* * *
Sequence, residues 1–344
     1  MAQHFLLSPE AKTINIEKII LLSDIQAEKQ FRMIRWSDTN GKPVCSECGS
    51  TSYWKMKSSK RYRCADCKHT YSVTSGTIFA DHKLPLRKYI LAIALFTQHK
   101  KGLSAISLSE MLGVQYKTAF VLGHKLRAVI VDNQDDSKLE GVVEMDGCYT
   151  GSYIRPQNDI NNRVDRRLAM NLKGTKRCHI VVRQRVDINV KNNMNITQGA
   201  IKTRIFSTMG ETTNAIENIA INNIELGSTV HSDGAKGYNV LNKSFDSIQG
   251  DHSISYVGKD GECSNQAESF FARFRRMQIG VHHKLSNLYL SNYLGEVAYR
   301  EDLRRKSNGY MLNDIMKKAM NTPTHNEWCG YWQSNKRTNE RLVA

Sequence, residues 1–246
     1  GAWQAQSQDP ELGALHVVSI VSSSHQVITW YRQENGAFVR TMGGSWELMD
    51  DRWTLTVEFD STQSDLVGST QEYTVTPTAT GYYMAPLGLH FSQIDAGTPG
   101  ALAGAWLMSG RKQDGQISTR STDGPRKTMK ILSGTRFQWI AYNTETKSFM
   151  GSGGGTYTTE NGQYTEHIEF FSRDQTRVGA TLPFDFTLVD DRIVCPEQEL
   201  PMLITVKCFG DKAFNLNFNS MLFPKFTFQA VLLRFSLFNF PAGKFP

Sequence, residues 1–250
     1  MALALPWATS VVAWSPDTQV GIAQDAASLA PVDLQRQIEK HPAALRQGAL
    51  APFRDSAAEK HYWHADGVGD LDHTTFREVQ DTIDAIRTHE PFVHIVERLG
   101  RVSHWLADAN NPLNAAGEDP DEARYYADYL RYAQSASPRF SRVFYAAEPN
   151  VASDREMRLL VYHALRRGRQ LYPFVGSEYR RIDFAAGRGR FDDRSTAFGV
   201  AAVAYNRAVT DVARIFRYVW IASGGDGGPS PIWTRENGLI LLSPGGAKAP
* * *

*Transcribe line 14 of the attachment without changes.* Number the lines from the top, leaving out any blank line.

   201  PMLITVKCFG DKAFNLNFNS MLFPKFTFQA VLLRFSLFNF PAGKFP